Run People With Roots

Jim Geraghty notes:

…last night a Republican and a Republican-endorsed independent won two of six seats on the Alexandria, Va., City Council, the first ones elected to the city’s governing board since 2000.
The city-council race was actually the fourth recent contest in which Northern Virginia Republicans overperformed, in a region that went heavily for Barack Obama last fall….I spoke with Michael Ginsberg, chairman of the Eighth Congressional District Republican Committee, which includes Arlington, Alexandria, Falls Church, and Fairfax, about what lessons can be learned from last night’s results and the recent trend.
“We ran people with good, local roots, and they’ve been very active in this community for a long time,” Ginsberg said. “You don’t come in third (out of 10 candidates, as Republican Frank Fannon did) unless you’ve got strong support from independents, and working the polls yesterday, I saw Democrats who said they were going to vote for Fannon.”

Now, RI ain’t VA, but the idea that political success comes from running local candidates who are truly of their community has always rung true with me.

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14 years ago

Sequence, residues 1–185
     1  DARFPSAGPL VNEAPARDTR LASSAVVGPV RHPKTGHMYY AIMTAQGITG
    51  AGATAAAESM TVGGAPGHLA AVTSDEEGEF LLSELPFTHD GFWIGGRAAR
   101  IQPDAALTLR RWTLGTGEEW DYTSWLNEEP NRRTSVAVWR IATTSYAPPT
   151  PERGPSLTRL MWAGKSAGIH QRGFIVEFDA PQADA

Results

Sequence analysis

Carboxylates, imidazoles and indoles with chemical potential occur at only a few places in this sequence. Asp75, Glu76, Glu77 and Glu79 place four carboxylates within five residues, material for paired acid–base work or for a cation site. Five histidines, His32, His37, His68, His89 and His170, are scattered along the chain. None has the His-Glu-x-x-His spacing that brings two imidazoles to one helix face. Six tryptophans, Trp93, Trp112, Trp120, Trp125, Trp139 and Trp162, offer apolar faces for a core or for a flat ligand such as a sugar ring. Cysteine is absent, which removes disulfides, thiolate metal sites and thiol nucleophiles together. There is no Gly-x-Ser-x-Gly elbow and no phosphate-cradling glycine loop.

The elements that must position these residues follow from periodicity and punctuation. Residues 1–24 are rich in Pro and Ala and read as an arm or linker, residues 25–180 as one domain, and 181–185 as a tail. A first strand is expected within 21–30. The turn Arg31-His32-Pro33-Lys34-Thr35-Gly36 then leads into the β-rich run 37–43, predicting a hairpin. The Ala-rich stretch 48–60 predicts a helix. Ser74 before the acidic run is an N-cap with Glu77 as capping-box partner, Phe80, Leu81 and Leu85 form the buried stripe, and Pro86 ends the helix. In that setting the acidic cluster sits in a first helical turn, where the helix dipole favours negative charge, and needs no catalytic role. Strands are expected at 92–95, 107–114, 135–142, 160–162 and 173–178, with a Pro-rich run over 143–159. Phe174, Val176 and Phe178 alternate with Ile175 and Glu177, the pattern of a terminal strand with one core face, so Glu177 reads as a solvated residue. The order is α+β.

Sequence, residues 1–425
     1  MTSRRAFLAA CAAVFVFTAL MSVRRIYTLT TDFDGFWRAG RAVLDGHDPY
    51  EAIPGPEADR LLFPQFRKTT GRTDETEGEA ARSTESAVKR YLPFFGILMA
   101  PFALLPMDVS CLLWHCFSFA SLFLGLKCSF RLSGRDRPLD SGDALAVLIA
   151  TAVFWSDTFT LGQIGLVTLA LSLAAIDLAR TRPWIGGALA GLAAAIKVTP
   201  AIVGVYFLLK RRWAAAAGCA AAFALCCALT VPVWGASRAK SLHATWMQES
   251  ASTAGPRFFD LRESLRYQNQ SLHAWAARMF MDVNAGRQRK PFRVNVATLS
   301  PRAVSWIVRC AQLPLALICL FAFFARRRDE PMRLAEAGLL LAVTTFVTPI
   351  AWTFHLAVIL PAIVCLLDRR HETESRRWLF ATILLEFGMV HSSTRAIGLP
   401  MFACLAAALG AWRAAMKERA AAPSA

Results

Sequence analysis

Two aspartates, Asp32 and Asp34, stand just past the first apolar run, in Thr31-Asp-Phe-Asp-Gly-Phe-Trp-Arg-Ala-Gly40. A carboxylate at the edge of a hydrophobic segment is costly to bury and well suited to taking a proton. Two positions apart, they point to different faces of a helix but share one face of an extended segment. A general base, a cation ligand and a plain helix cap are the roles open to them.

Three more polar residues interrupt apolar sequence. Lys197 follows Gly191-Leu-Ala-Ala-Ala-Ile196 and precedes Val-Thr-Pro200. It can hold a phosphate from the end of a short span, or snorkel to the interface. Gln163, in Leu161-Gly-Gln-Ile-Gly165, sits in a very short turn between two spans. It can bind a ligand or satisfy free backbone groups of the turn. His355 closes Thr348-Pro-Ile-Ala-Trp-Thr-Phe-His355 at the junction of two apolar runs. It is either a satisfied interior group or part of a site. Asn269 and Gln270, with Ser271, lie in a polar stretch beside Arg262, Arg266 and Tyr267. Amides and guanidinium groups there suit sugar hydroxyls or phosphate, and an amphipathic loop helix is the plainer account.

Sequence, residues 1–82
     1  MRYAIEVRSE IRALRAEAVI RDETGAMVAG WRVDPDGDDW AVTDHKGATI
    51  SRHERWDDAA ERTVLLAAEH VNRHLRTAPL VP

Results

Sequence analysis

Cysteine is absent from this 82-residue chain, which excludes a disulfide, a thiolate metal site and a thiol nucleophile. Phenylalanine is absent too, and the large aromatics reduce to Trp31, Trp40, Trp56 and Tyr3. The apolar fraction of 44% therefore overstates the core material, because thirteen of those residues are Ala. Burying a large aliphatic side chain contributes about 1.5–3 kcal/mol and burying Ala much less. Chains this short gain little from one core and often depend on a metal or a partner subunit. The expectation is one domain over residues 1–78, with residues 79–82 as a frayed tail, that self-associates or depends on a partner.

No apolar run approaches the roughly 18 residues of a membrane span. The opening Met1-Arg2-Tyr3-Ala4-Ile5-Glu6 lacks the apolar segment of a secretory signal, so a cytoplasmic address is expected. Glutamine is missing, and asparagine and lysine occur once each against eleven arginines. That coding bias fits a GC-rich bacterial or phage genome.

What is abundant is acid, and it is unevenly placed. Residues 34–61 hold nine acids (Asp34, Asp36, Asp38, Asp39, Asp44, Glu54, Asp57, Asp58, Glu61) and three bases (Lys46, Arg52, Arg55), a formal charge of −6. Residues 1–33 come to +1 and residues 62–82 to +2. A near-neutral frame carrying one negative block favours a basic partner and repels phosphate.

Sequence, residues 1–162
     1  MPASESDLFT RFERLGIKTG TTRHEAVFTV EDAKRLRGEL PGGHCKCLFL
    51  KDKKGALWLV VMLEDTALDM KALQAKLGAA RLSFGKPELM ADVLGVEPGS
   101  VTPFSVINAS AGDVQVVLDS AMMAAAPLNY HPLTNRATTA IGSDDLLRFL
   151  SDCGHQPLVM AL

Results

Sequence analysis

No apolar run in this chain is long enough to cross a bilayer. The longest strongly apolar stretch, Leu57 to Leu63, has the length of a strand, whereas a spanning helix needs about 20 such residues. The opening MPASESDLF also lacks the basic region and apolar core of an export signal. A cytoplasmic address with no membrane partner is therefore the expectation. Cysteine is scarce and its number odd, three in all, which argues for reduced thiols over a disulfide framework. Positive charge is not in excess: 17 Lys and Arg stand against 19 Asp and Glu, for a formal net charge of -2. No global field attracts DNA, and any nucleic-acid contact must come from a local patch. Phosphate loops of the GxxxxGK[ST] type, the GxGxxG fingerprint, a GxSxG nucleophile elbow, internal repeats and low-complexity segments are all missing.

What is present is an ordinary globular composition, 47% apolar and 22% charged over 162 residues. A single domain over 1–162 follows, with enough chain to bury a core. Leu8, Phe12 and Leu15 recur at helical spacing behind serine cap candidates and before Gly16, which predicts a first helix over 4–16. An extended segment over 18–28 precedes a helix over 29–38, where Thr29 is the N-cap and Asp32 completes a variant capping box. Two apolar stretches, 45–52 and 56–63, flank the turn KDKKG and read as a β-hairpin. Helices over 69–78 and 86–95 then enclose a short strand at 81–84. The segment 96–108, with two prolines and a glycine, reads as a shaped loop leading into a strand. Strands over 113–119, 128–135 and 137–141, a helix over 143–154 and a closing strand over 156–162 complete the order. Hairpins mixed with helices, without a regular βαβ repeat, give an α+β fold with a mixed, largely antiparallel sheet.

Herein lies one of the problems. You get people with the greatest of intentions, but have no political experience and they figure they’re going to take on Kennedy or Reed. These are people who have never even run for school committee before. The GOP really should use the strategy like major league baseball and focus totally on the lower level, the rookie leagues. Get people elected to their school committees and town councils. Start making real change at the local level. If you have 7 people on the school committee, and you win 1-2 seats, that’s a lot more powerful than winning 10 seats in the General Assembly. Focus on getting some fiscal conservatives in the local seats, do some financial clean up for two terms of office and then move on to the next level. Once you have the experience and name recognition, then move up. The state GOP needs to use this strategy and have a long term plan. Focus on the next 8-10 years, not just the next year.

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